Operational Control Tasks

Facilities Designs

Monitoring Designs

Procurement Requirements

Training Artifacts

Management Technology Specifications



Stage 3: Transition – done in parallel with application build, test and deployment

This phase focuses on build, test and deployment of the designed hardware, software and management processes for each solution support area. Transition tasks might include implementation of systems management tools, implementation of event monitors and agents, building and testing of server and desktop images, software distribution activities, and construction of physical data center facilities and closets.  Development team considerations are on the left and operations team considerations are on the right.

Development Team Considerations

Operations Team Considerations

Application Coding

Package Implementation

Migration/Code Libraries

Rollout Schedules/Volumes

Maintenance Needs

Testing and Validation

User Acceptance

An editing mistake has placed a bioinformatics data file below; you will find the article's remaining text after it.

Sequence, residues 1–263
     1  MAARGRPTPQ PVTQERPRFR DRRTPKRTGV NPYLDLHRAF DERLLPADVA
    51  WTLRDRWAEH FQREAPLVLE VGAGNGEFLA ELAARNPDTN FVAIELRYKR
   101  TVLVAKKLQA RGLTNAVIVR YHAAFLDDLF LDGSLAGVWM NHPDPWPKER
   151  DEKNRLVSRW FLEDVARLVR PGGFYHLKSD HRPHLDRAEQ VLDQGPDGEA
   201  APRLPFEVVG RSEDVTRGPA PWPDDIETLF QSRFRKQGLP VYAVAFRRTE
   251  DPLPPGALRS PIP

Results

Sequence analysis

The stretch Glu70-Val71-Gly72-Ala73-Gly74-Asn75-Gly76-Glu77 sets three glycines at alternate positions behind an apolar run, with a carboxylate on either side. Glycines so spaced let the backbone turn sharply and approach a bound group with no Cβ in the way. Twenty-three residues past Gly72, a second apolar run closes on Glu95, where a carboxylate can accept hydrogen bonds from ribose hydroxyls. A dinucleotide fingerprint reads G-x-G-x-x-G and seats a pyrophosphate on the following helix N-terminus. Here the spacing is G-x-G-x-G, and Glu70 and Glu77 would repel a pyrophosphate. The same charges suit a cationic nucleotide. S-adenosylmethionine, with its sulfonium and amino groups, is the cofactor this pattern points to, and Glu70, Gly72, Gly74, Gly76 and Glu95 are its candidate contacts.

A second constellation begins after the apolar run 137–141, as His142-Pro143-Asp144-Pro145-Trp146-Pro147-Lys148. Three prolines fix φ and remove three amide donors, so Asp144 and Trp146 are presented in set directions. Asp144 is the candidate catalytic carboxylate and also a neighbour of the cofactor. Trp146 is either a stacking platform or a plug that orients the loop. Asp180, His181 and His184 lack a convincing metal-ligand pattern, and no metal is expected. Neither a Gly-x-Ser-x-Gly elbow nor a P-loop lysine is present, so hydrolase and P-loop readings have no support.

Support Call Lists

Release Deployment


Server/Desktop Images

Operational Testing

Site Surveys/Preparation

User/Support Training

Process Implementation

Operational Integration:

Service Desk

Technical Support

Operation Control

Facilities Management

Application Management

Production Cutover




Stage 4: Operation – done in parallel with application early life support and then ongoing

At this point, the solution should already be operating in production. Tasks in this phase represent ongoing activities to deliver services provided by the application solution. These activities focus on meeting service targets, delivering the services, monitoring them, processing incidents, problems and changes, maintaining applications and providing operational data.  Development team considerations are on the left and operations team considerations are on the right.